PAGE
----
A funny thing happened this week. Or you might call it a very unfunny thing if you own the equity or are a low-income consumer.
Shares of Dollar General fell precipitously after the discount retailer reported weaker-than-expected comps for Q1 and slashed its full-year sales and profit forecasts in what one bank called a “surprisingly poor” update.
Company analysts debated the “real” cause of the disappointing report, but if we take Dollar General at its word, the key issue is the macro environment and the impact it’s having on the company’s “core customer.” At the risk of accidentally offending anybody, “core customer” in this context just means people with very little money.
On the call, CEO Jeff Owen said the following:
Overall, we had softer-than-expected sales in the quarter, which we believe was primarily driven by a deterioration in the macroeconomic environment, including headwinds from lower tax refunds than customers expected and reductions in SNAP benefits.
Regarding tax refunds, we believe our customers were caught off guard by the reduced amounts, which exacerbated the inflationary pressures they were already experiencing.
We did not see a notable sales impact in states that eliminated the emergency [SNAP] allotment early. However, in the states where reductions occurred in March of this year, we have seen an impact on sales, as our customers appear to primarily have reduced the size of their basket instead of using other forms of tender to complete their purchases at the same level.
Additionally, these and other customers appear to be shopping closer to payday.
If you’re unfamiliar with the SNAP backstory, you can find it here. Long story short, changes to benefits enacted during the pandemic lapsed, and that obviously impacted the finances of families relying on the larger allotments.
The market wasn’t enamored with Dollar General’s report. And that’s an understatement.
As you might’ve heard, the stock suffered its largest single-session selloff in history, falling nearly 20%.
If you’re rich, and you don’t own the shares outside of an ETF or mutual fund, you might be wondering why you should care. The callous answer is that you probably shouldn’t. Care, I mean. But let’s pretend we’re not all callous.
One reason to care is that the juxtaposition between Dollar General and big-cap US tech (which is spiraling higher on A.I. optimism turbocharged by the notion that even if we haven’t seen peak Fed funds yet, the FOMC is one hike away from terminal at most) could be viewed as a manifestation of the familiar, post-GFC inequality dynamic wherein financial asset bubbles stood in stark contrast to mostly stagnant wages and other signposts of a Main Street malaise that’s existed in one form or another for the better part of four decades.
Nvidia is up nearly 200% in 2023. Dollar General is down more than 30%.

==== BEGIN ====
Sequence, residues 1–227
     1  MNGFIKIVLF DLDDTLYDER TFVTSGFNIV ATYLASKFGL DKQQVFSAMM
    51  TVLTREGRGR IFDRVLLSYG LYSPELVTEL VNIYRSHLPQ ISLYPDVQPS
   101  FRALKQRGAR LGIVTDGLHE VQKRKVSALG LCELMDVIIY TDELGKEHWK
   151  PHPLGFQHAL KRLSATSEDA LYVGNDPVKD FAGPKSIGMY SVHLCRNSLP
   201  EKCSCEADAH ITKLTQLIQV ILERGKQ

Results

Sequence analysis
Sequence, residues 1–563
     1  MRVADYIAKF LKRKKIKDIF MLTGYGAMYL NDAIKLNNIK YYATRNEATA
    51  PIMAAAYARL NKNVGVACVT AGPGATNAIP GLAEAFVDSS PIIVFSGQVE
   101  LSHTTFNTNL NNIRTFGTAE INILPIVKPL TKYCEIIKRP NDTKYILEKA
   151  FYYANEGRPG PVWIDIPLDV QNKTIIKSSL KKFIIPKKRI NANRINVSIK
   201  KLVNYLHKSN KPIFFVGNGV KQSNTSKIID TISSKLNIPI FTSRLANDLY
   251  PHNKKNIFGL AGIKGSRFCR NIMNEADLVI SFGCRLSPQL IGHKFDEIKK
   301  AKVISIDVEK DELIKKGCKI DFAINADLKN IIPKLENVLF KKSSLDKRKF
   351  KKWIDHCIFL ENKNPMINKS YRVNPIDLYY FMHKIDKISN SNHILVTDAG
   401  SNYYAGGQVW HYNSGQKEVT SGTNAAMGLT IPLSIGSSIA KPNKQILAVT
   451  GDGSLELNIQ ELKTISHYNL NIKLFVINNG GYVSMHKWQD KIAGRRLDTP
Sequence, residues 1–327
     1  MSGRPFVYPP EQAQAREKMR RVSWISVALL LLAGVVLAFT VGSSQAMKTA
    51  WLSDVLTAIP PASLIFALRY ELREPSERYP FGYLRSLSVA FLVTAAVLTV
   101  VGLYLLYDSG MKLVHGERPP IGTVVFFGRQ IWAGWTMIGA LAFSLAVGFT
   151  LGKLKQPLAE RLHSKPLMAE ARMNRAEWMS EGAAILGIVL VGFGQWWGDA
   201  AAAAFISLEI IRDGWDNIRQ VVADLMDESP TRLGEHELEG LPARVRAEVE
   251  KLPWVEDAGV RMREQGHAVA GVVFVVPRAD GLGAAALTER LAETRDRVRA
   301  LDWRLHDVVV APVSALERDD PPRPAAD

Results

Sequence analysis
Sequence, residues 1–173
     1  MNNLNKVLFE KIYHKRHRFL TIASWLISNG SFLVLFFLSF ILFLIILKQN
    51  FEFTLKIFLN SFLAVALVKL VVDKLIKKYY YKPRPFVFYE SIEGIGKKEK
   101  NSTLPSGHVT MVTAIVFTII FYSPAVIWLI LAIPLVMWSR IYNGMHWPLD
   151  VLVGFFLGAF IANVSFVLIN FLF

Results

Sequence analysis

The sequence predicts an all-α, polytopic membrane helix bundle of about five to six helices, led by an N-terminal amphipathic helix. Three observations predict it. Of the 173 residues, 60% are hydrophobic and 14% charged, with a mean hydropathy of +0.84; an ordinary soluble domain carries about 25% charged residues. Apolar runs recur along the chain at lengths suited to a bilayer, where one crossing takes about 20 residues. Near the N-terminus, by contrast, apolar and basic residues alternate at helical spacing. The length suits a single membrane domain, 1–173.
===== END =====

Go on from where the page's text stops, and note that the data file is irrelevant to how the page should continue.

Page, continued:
Note the inherent peril. Main Street’s relative demise accelerated in the aftermath of the 1980s inflation as a consequence of shareholder capitalism and globalization’s many Faustian bargains. Now, in 2023, we may be on the brink of seeing Main Street deterioration both in relative terms and in absolute terms.
If the Fed countenances another equity bubble and that ignites animal spirits through the wealth effect channel, it could keep inflation “higher for longer” (pardon the policy pun) with the effect of blunting hot nominal wage growth, which was anyway cooling down.
As a reminder, wage growth has been consistently negative in real terms during the pandemic. For real wage growth to turn positive with the pace of nominal gains receding, inflation has to recede too. A good way to ensure inflation doesn’t recede is to tolerate asset bubbles like the one percolating in the Nasdaq 100.
Remember: Dollar General shoppers don’t own any stocks, certainly not relative to people who don’t shop at Dollar General, and maybe not at all. The figure below is updated with the latest Fed data, current through Q4 2022.
Equity gains accrue to the wealthy, and they do so exponentially. Only the top 1%’s share has grown since 1989. That’s not a coincidence, but at the same time, it’s not a “conspiracy” either. We designed this system and we continue to worship it with something approaching religious zeal.
This all speaks to what I’ve (somewhat hyperbolically) described as modern day serfdom in America’s services-based society. There are no manufacturing jobs anymore, and when the wealthy aren’t buying Flying Spurs and Hermès ties, they’re spending on services and “experiences.” Those services and experiences are provided by low-wage workers who shop at Dollar General when they’re not serving mimosas to the Birkin bag crowd.
Weighing in Friday on the juxtaposition between the tech rally and Dollar General’s rough week, Nomura’s Charlie McElligott warned that a Fed which abides a new equity bubble “will only risk ‘sticky inflation’ issues down the road on top of a ‘financial asset holder’ inequality gap explosion versus the low-end US consumer getting torched on inflation.”
Commenting further on the company’s analyst call, Owen said Dollar General’s customers are “under greater pressure than we have seen in quite some time.” “We continue to see signs of increasing financial strain as they seek affordable options, including increased reliance on private brands and items at or below the $1 price point,” he added.